All human development starts from the basis of the ordinary human nature and its basic capacities, and evolves from there over time through persistent action, attention and dedicated effort. The ego, as the foundation of the human experience, provides the initial impetus and motives for undertaking the process of worship. We seek for some satisfying result, some boon, some support in adversity, or some type of salvation, either now or hereafter.
As the process develops, however, the act of worship begins to separate itself from specific results to be achieved in a personal or egoistic sense and the worship itself becomes its own “goal”. Eventually, even this attachment to the experience of worship gives way to something that fills the being and unifies it with the object of devotion, and widens and universalizes the experience of worship. This becomes then the true nature of pure Bhakti.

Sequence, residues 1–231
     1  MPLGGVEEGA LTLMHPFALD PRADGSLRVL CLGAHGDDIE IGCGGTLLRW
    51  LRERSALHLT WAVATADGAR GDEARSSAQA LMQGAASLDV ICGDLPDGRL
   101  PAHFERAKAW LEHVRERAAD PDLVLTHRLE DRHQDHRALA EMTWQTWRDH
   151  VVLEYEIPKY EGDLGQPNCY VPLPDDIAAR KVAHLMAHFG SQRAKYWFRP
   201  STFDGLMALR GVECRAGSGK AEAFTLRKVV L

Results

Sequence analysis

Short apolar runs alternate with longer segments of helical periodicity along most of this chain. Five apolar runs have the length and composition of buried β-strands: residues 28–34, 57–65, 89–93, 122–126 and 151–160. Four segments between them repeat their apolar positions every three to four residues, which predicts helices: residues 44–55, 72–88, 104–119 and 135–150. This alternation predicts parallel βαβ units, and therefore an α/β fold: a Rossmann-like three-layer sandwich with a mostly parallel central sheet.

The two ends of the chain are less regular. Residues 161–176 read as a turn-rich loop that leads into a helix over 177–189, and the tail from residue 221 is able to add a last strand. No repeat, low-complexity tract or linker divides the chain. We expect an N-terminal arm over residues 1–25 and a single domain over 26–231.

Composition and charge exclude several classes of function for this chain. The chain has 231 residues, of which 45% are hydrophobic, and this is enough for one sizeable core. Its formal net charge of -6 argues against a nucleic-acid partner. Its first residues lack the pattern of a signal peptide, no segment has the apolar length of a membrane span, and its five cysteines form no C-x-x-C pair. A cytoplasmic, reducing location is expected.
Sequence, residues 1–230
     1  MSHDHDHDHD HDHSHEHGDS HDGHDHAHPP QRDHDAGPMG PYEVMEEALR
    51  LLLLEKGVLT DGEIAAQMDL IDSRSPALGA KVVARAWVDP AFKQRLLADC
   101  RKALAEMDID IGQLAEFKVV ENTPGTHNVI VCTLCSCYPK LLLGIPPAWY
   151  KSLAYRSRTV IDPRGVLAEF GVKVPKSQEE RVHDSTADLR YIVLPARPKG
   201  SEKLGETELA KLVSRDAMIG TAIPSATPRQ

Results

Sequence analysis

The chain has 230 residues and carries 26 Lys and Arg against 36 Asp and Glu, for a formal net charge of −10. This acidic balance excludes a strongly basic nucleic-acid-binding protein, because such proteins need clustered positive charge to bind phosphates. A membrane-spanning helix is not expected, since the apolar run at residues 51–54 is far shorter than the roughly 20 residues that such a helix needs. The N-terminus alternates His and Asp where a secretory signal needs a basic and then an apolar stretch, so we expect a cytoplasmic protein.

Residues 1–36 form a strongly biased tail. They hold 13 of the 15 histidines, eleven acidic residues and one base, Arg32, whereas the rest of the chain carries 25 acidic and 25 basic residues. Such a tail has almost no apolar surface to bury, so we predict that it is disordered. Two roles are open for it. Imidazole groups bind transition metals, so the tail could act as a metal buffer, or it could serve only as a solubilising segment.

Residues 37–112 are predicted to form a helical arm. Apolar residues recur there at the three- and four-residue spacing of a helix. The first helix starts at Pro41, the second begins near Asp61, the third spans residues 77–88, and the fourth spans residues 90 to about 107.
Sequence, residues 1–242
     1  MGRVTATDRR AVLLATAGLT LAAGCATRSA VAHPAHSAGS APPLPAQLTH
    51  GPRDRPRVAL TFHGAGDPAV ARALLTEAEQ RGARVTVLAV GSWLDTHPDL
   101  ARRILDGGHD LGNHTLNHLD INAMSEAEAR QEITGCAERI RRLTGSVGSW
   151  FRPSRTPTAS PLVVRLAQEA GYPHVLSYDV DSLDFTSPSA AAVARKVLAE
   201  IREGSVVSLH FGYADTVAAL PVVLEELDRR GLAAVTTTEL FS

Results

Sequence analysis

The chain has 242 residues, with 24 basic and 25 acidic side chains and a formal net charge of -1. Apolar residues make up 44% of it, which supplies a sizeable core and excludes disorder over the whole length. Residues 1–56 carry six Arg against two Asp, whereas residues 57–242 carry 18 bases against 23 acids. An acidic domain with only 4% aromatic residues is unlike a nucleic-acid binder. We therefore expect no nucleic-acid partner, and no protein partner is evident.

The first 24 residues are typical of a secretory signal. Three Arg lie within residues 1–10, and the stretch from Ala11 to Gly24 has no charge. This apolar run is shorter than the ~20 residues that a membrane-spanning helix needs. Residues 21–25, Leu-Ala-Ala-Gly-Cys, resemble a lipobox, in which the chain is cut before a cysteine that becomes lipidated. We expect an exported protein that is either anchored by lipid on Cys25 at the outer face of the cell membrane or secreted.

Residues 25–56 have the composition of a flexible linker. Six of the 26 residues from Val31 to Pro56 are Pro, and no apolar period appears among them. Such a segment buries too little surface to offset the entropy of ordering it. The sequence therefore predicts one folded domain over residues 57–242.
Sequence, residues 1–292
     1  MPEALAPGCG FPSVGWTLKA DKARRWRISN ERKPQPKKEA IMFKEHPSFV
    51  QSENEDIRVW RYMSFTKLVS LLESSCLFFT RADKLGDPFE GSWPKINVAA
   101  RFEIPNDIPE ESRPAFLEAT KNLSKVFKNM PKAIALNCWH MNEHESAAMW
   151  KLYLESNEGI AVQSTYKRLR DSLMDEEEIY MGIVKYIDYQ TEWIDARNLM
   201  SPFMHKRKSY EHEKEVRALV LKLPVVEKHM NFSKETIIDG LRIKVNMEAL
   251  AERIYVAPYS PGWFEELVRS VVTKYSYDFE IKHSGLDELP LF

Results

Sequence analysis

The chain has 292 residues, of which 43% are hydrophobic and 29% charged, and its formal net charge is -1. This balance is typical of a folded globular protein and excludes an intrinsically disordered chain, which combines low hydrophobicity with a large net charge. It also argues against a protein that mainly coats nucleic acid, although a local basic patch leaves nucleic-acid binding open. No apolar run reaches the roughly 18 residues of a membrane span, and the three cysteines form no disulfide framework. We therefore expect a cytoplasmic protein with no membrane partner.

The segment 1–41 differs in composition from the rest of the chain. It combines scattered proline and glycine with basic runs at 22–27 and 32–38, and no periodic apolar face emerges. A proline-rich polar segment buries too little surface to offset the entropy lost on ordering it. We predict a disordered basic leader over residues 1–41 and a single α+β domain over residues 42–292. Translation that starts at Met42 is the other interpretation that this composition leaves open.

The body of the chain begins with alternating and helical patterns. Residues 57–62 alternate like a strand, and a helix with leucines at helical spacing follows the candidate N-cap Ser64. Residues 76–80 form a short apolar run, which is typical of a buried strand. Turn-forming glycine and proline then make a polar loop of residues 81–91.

Sri Aurobindo elaborates this process: “In the transformation of ordinary religious worship into the Yoga of pure Bhakti we see this development from the motived and interested worship of popular religion into a principle of motiveless and self-existent love. This last is in ac the touchstone of the real Bhakti and shows whether we are really in the central way or are only upon one of the bypaths leading to it. We have to throw away the props of our weakness, the motives of the ego, the lures of our lower nature before we can deserve the divine union.”
Sri Aurobindo, The Synthesis of Yoga, Part Three: The Yoga of Divine Love, Chapter 2, The Motives of Devotion, pp. 528-529